SALEM, Ohio — One feasibility study said building an ethanol plant in northwestern Pennsylvania was a bad idea.
So the group gunning for the development, Keystone Ethanol Energy Producers LLC of Mercer County, hired its own consultant to take a closer look at the plan.
And that consultant says the whole thing is a good, workable idea for the area.
KEEP spokesman Bruce Wolff of Greenville said the initial feasibility study got a bad reputation and widespread attention as a no-good option for northwest Pennsylvania because the study was approached with the Midwest state of mind.
“They looked at the whole thing like a traditional Midwest plant. They didn’t consider biomass as a fuel energy source, only natural gas. Ignored it completely,” Wolff said, noting KEEP has plans to use biomass as a fuel energy source to power the facility.
Currently natural gas costs twice what biomass does, Wolff said.
The study also dismissed the use of coal power, but KEEP has also dropped that idea due to environmental permitting, he said.
In addition, the 2006 study also worked costs and returns using lower prices than what ethanol now sells for on the Chicago Board of Trade, Wolff said.
“To decide if it’s feasible when you’re using the wrong numbers just doesn’t make sense.”
There’s been talk about building an ethanol plant in northwest Pennsylvania since at least 2004, when local farmers, economic groups and government officials sat down to discuss the possibilities after a plant proposed for nearby Ashtabula County, Ohio, fell through.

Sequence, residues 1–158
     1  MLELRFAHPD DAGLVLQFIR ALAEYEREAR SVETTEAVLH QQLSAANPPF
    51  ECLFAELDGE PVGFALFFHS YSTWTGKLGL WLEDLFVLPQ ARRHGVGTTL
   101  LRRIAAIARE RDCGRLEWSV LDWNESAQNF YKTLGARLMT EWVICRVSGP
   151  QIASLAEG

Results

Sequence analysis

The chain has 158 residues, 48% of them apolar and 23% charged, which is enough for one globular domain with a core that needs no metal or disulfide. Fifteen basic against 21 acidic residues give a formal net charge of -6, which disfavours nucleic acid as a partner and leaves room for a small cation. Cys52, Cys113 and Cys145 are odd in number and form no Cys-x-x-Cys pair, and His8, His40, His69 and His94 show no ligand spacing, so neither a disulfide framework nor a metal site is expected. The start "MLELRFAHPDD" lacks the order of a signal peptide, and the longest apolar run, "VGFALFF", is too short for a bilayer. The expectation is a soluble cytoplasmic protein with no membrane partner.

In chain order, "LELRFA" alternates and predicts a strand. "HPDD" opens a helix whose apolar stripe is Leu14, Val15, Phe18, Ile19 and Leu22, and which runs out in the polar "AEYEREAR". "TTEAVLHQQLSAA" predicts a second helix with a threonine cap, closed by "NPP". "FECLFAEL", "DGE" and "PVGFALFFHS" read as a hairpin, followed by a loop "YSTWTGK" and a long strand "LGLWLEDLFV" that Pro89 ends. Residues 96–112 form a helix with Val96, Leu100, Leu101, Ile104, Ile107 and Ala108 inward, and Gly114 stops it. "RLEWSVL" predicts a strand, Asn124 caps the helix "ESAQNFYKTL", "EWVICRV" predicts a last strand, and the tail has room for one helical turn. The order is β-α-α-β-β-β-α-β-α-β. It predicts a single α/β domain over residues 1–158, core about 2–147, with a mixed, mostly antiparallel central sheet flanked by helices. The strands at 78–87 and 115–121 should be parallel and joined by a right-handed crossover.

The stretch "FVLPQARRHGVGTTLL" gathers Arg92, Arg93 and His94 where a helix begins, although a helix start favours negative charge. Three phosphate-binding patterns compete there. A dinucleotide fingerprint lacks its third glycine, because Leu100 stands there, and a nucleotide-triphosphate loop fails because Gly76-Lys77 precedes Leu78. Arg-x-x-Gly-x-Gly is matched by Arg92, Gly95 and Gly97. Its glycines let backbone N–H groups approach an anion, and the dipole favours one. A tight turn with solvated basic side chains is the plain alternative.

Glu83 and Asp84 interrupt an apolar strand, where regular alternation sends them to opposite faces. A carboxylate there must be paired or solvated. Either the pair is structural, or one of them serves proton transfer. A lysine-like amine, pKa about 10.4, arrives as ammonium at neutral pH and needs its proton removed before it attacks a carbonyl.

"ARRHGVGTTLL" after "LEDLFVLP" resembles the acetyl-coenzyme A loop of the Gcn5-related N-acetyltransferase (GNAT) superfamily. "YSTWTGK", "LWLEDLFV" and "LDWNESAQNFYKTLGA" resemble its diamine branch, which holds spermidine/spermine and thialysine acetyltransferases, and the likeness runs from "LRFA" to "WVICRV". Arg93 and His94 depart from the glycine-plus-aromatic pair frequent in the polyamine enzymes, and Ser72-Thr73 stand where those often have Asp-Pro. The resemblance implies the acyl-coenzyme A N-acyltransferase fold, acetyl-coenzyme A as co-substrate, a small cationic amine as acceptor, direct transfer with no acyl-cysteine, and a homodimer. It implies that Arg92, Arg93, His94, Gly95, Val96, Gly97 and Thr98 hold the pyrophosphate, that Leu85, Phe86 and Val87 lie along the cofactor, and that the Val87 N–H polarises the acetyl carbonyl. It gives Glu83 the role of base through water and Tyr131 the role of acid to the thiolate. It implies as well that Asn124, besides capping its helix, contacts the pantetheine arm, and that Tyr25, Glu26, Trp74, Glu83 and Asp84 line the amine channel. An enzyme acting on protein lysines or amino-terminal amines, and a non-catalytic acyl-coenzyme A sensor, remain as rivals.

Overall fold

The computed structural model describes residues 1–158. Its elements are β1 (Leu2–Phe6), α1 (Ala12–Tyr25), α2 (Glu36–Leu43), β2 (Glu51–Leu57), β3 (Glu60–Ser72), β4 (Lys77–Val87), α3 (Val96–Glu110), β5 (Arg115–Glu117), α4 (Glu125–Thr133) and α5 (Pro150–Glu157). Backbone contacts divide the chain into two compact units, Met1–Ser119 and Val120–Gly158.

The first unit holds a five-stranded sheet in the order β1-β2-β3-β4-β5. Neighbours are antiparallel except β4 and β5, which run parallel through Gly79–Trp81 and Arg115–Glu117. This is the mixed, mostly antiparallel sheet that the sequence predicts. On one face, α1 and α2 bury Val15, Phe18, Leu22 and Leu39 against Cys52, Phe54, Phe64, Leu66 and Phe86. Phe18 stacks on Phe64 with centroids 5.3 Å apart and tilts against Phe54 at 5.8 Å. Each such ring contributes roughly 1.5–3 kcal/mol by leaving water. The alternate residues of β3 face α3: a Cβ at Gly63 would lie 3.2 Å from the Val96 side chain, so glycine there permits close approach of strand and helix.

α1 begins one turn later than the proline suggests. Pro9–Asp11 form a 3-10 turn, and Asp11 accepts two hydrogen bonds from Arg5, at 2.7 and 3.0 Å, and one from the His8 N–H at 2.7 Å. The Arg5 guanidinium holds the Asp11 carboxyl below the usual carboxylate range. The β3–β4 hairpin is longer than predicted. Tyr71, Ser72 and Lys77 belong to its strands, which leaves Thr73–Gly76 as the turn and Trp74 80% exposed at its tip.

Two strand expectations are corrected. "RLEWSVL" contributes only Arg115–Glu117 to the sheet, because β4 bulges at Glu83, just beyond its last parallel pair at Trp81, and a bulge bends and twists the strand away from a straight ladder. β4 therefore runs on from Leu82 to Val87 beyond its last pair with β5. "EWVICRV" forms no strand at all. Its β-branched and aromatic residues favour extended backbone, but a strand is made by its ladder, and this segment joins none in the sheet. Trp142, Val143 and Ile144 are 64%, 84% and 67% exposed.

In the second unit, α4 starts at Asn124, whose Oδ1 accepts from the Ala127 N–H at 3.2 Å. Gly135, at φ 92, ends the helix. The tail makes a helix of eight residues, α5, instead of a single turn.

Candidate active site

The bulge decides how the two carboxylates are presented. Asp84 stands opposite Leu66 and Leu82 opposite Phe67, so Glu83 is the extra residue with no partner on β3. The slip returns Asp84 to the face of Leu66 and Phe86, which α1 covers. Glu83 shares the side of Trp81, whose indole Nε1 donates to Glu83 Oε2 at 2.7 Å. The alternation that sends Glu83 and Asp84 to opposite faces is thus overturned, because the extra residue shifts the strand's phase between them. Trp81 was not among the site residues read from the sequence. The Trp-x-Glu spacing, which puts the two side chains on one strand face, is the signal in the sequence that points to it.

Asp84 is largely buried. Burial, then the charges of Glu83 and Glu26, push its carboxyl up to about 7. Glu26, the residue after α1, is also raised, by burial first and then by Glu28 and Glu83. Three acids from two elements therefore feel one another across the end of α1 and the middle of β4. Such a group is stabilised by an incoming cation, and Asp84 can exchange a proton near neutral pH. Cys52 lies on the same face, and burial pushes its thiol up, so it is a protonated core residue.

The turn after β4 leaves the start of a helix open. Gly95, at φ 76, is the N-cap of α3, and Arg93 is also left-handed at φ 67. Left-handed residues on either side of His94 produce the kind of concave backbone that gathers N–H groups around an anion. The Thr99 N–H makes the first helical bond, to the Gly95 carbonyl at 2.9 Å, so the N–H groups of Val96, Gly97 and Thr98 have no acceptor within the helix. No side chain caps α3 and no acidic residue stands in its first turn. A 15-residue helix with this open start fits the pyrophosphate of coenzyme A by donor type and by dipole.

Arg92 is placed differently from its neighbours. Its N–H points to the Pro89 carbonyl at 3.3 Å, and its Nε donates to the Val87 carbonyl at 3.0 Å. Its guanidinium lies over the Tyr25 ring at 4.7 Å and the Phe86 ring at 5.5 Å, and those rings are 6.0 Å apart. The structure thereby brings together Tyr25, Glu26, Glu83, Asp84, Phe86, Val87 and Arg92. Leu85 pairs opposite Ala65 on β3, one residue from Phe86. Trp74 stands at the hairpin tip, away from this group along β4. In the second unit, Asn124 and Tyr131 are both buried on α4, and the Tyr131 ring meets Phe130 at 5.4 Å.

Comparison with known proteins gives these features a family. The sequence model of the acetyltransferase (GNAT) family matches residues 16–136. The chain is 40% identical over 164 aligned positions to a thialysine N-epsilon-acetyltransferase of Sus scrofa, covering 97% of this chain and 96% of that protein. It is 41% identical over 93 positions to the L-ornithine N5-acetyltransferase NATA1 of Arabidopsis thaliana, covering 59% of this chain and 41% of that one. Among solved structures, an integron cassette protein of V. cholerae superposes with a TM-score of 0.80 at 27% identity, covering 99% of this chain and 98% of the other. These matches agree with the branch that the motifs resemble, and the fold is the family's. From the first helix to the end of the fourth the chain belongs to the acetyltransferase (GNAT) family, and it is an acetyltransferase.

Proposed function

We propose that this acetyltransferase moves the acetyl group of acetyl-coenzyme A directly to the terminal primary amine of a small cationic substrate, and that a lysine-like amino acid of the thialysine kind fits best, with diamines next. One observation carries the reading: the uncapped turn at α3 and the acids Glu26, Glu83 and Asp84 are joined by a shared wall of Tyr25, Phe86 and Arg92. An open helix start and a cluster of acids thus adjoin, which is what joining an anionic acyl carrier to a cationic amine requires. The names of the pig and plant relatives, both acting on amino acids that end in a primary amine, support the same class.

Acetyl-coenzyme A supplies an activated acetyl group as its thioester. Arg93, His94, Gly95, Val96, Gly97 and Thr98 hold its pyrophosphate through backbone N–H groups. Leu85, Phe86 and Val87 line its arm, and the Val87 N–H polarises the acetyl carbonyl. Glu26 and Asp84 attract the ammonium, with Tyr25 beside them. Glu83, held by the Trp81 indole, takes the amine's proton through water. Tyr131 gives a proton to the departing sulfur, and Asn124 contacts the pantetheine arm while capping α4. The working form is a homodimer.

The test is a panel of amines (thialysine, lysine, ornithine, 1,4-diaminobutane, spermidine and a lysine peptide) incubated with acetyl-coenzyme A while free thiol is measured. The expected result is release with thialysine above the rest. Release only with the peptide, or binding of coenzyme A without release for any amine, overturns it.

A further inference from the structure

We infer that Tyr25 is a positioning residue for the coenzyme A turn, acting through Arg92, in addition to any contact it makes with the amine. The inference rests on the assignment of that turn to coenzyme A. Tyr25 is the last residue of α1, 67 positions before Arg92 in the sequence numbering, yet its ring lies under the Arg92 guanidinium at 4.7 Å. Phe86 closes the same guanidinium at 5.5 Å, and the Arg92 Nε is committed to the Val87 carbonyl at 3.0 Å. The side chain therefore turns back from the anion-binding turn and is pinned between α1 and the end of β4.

The Crawford County Farm Bureau set up a committee to explore the idea. That group pushed for the first feasibility study, and some of that group’s members are now affiliated with KEEP, records show.
That first study came back with results described as “favorable, but not as much as plants located closer to corn production,” according to a 2006 media release. That’s when KEEP hired Larry Johnson, an ethanol consultant out of Minnesota, to pick apart the study, Wolff said.
Johnson’s analysis said the plan is viable, since the production site is close to major metropolitan areas and the East Coast — areas of consumption — and that both sites considered for the plant were ‘good,’ Wolff said.
The sites under consideration are in the Keystone Industrial Park and the Greenville Reynolds Industrial Park.
The area’s location also made it a good candidate as far as corn supply goes, with planners anticipating half of the needed corn coming from a 75-mile radius, and the rest shipped in from the western Corn Belt.
“We’re going to press forward,” he said.
The group is currently pushing its plan through detailed engineering design and trying to determine what size of facility works best for the region, Wolff said.
Planners are considering a plant capable of outputting either 25 or 40 million gallons of ethanol.
“It’s hard to get solid numbers from a company until you’ve signed a contract with them,” Wolff said.
Wolff said both sizes would have roughly the same labor costs and site size. The larger facility would have more economy of scale in production.
KEEP is also looking into how it would finance the project, but that can’t be decided until other decisions are made.
“If we had the money at this point, we’d be very well set for a successful plant,” he said.
KEEP plans to have a design and engineering contact finalized within six to 12 months, and it will likely take another year to secure funding to build the facility.
If all goes as planned, construction would begin “well into 2010,” Wolff said.
Ethanol planners aren’t giving up (2/17/2005)